That is why we, the Lithuanians, entered the 21st century with a specific approach towards Poland encoded in our DNA since the times of Narbutt and Daukantas. Since even the 21st century, full of dramas and historical paradoxes, which nearly 100 years ago allowed for the revival of Lithuania because of the favourable historical circumstances, created at the same time “the Vilnian paradox” – J. Piłsudski, who during the Battle of Warsaw in 1920 defeated Bolsheviks and guaranteed Lithuania 22 years of freedom from the Soviet occupation, occupied the Vilnius Region himself. The efforts of the pro-Kremlin “Jedinstvo” in 1990 to create the supposed Polish autonomy in the Vilnius Region, and the activity of W. Tomaszewski in the recent times with the so-called “gieorgijewska koloradka”, and the common ticket with the Russian Alliance, again cause the same historical mistrust. These are the paradigms of our Lithuanian thinking, which are impossible to be changed rapidly to avoid waiting or emotions in our mutual relations, caused by the mistrust. I suppose that our paradigm of historical thinking is not well-known and understood by many Poles, and that is why there was not much of the sensitivity shown by them to our historical complexes. Poles also have their own historical complexes, to which we are not sensitive enough as well.
Let us restore the complete Lithuanian history
How to overcome historical complexes? How to change the history of a nation shaped throughout the centuries? There are no recipes for that. Maybe one should start from restoring the complete history of Lithuania?, realizing that after 1569 Lithuania had its own history as the history the Polish–Lithuanian Commonwealth, which ended the tragic partitions and became our history as well, with our kings and the kings’ residencies; with the Lithuanian, Polish and Russian gentry and wars; with the Polish-Jewish cities in Lithuania, and not only the Lithuanian towns and villages. And that history should be known not only by historians and academicians, but also by the common Lithuanian patriots, because it is the history of Lithuania. As patriots we should know our history not only from its glory days, but also of the times of hardship.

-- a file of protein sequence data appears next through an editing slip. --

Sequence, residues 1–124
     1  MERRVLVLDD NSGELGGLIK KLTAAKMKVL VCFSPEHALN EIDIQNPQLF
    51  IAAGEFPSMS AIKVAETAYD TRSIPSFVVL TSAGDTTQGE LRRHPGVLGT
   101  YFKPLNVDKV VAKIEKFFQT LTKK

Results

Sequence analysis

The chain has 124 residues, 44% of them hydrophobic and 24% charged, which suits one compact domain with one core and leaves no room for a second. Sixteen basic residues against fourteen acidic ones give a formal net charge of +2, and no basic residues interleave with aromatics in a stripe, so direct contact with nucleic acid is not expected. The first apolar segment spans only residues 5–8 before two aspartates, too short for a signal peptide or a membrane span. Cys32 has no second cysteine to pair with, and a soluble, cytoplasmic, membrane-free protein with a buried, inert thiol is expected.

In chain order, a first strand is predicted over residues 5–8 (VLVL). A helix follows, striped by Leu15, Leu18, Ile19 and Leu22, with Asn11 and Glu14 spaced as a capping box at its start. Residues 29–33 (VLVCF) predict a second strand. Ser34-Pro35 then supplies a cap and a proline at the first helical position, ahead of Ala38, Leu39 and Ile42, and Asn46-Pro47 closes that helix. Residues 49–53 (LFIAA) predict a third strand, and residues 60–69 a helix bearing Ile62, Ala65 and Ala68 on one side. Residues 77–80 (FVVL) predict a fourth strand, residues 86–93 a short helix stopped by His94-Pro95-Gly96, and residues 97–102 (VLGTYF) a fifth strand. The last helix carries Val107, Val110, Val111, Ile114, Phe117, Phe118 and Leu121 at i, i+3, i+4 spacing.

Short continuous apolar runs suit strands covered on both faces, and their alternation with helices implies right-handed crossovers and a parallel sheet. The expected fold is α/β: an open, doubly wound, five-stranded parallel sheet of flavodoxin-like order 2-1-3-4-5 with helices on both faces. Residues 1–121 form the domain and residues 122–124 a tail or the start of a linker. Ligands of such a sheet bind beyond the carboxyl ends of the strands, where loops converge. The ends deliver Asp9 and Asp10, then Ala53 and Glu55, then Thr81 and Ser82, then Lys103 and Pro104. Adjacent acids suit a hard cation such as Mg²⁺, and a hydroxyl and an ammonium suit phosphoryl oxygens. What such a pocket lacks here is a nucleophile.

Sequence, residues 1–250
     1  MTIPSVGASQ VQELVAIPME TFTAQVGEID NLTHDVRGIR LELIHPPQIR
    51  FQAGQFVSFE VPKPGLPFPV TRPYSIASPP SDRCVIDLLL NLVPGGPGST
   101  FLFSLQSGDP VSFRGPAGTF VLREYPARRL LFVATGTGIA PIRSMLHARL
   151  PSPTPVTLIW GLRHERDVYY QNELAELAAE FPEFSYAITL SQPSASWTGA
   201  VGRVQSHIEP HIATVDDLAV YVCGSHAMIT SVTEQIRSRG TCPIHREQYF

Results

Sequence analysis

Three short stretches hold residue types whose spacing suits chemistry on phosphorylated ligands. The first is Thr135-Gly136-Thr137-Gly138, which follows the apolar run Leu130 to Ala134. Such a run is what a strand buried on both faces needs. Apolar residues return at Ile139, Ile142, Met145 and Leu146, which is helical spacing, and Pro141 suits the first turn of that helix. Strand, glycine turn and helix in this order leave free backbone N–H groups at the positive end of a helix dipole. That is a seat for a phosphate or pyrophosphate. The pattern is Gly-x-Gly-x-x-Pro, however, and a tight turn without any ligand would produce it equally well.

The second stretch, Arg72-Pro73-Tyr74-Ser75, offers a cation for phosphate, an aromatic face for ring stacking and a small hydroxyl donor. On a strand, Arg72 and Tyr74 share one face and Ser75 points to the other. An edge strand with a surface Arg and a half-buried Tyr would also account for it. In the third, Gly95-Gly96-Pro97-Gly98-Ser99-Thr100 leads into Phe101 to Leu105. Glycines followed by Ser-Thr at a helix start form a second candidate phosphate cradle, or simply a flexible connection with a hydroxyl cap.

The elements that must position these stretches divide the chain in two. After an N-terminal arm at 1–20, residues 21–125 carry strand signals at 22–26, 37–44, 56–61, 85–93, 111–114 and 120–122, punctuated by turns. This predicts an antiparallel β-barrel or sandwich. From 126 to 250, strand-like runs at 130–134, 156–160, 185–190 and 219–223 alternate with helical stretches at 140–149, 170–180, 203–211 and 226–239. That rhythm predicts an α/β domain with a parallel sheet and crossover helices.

It is a paradox, but looking at history that way I also changed my views on the issue of restoring the Residence of Lords. When the discussions about restoring it started, I was skeptical about it because I did not want to spend the money from the public funds on such an investment, and since we also have Gediminas Castle in Vilnius. However, when I for the first time felt the renaissance splendour of the central courtyard of the restored Castle, I was overcome by the feeling of that historical cognition, and that after the Union of Lublin, Vilnius and Lithuania had their own, unique history, and the restored castle is the proof for that. The history of Lithuania does not end with the famous Gediminas Castle and Witold’s Trakai.
However, while restoring the complete history of Lithuania, we cannot escape from the historical reality, which can be seen at the old Bernardine Cemetery in Vilnius (with only Polish inscriptions on gravestones), or felt while reading “Silva rerum” – the great cultural commentaries of K. Sabaliauskaitė on Vilnius from the 17th and 18th centuries. Vilnius in those times was famous for its rich Polish and Jewish culture, not only the ethnic Lithuanian one. It is not easy to track the historical changes of Vilnius and the number of its residents, and how the capital of Lithuanians established by Gediminas, to which craftsmen and merchants were invited, became the center of the Polish and Jewish culture. That was the history of Lithuania – Polish language was the language of cities, and Lithuanian was the language of villages. The paradoxes of the history led Lithuania, which since the times of Gediminas rapidly expanded its territory including Russian territories, to embrace the Old East Slavic language (that applied there) in its state administration. Then, after the Union of Lublin, the Rusyn language naturally pushes the Polish language out, used in the Catholic Church, and later at Vilnius University. The Polish language becomes the language of the Lithuanian elites. But it was still Lithuania, and Adam Mickiewicz, who expressed the most beautiful declaration of love for Lithuania in the Polish language “Litwo, Ojczyzno moja!” (“O Lithuania, my homeland!”), was the biggest admirer of Lithuania, but not a Lithuanian poet. And that history of Lithuania – with T. Narbutt, who wrote the history of Lithuania in Polish; with Simonas Daukantas, Gaon and Adam Mickiewicz, must be restored because this is our history of Lithuania, which is something more than just a Lithuanian history of Lithuania. And naturally, the polonisation of Lithuania that happened after the Union of Lublin, which lasted to the half of the 19th century, should not deprive us of our own history.